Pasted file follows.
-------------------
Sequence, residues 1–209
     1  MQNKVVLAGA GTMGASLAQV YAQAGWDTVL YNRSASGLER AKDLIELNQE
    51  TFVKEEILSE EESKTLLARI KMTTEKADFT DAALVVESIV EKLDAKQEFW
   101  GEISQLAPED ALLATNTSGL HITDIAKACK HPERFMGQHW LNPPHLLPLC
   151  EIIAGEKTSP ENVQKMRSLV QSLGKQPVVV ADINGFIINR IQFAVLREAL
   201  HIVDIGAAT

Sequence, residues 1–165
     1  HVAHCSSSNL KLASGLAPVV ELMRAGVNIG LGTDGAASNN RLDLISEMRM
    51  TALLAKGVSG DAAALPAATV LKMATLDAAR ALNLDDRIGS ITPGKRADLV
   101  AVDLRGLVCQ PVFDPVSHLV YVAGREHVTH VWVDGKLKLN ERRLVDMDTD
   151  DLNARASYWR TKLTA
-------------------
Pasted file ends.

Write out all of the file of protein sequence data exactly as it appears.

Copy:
Sequence, residues 1–209
     1  MQNKVVLAGA GTMGASLAQV YAQAGWDTVL YNRSASGLER AKDLIELNQE
    51  TFVKEEILSE EESKTLLARI KMTTEKADFT DAALVVESIV EKLDAKQEFW
   101  GEISQLAPED ALLATNTSGL HITDIAKACK HPERFMGQHW LNPPHLLPLC
   151  EIIAGEKTSP ENVQKMRSLV QSLGKQPVVV ADINGFIINR IQFAVLREAL
   201  HIVDIGAAT

Sequence, residues 1–165
     1  HVAHCSSSNL KLASGLAPVV ELMRAGVNIG LGTDGAASNN RLDLISEMRM
    51  TALLAKGVSG DAAALPAATV LKMATLDAAR ALNLDDRIGS ITPGKRADLV
   101  AVDLRGLVCQ PVFDPVSHLV YVAGREHVTH VWVDGKLKLN ERRLVDMDTD
   151  DLNARASYWR TKLTA